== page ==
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An 8-channel mixer is an electronic device used to combine multiple audio signals from individual sources. Unlike larger mixing consoles, which may blend 16, 24, or 48 individual signals, an 8-channel mixer is often used for much smaller applications, such as in home recording studios, lecture hall public address systems, or to mix sound in smaller music venues. Depending on the scenario, an 8-channel mixer may be used to optimize the limited feature set of a simple sound system or recording environment.
One scenario may involve mixing signals from eight individual microphones that will eventually be channeled to a singular monaural or stereo output. Each microphone may be assigned to individual vocalists, acoustic instruments, or amplified electric instruments that are seen in most popular music arrangements. During a live performance, the output from the mixer is sent to a powered amplifier and speakers, which enables this blend of sound to be clearly heard by the audience. In a home recording studio, the output from the device can be directed to the input channels of a stereo recording device.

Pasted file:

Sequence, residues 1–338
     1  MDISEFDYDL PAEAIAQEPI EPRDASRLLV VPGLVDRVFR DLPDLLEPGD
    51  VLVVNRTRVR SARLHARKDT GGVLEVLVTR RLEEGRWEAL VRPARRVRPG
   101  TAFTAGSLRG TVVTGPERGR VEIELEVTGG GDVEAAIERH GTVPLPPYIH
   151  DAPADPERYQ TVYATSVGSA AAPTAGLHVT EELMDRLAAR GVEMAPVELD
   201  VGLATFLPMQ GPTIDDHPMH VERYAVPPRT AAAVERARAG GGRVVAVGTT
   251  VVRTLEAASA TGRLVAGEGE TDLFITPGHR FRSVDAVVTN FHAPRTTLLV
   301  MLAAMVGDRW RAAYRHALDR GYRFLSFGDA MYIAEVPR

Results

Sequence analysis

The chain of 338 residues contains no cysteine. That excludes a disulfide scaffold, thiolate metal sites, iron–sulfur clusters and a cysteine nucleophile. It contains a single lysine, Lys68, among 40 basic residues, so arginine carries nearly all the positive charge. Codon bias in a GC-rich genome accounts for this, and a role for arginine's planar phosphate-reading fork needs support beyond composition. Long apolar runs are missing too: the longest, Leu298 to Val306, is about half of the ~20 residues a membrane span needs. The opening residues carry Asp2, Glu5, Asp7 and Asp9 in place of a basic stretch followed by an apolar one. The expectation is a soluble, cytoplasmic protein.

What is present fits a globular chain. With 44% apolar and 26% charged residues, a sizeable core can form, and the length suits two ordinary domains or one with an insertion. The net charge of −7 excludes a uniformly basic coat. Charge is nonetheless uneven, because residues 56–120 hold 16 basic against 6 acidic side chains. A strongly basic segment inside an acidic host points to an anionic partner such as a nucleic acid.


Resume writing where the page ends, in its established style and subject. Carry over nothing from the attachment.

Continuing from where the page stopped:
An 8-channel mixer may include monaural or stereo input jacks with pre-amplified volume control, pan, equalization, and controls for effects such as reverb and delay. The mixer will contain a master control component, which includes the master faders, and send/return level controls for the effects attached to the mixer. Unlike larger mixers, the inputs are usually located on the left hand side of the unit and the master control section is on the right.
Each channel on an 8-channel mixer has an audio control called a potentiometer, a slide-style volume control fader which adjusts the channel's amplitude during the final mix down process. Each fader adjusts the channel assigned or one-half of a stereo signal, and only affects the signal level from one microphone or audio device. Each input channel consists of an input buffer called a trim or gain control.
Additional input channel controls adjust the signal's equalization by separately attenuating the bass, midrange, and treble. In smaller applications, equalization is often not a needed feature while mixing, so some small format mixers do not include an equalization component. Adjusting the equalization too much can overdrive the channel, resulting in an unpleasant sounding output signal. Lastly, balanced inputs, such as XLR or Tip-Ring-Sleeve (TRS) connectors, may be an option on an 8-channel mixer to reduce interference problems.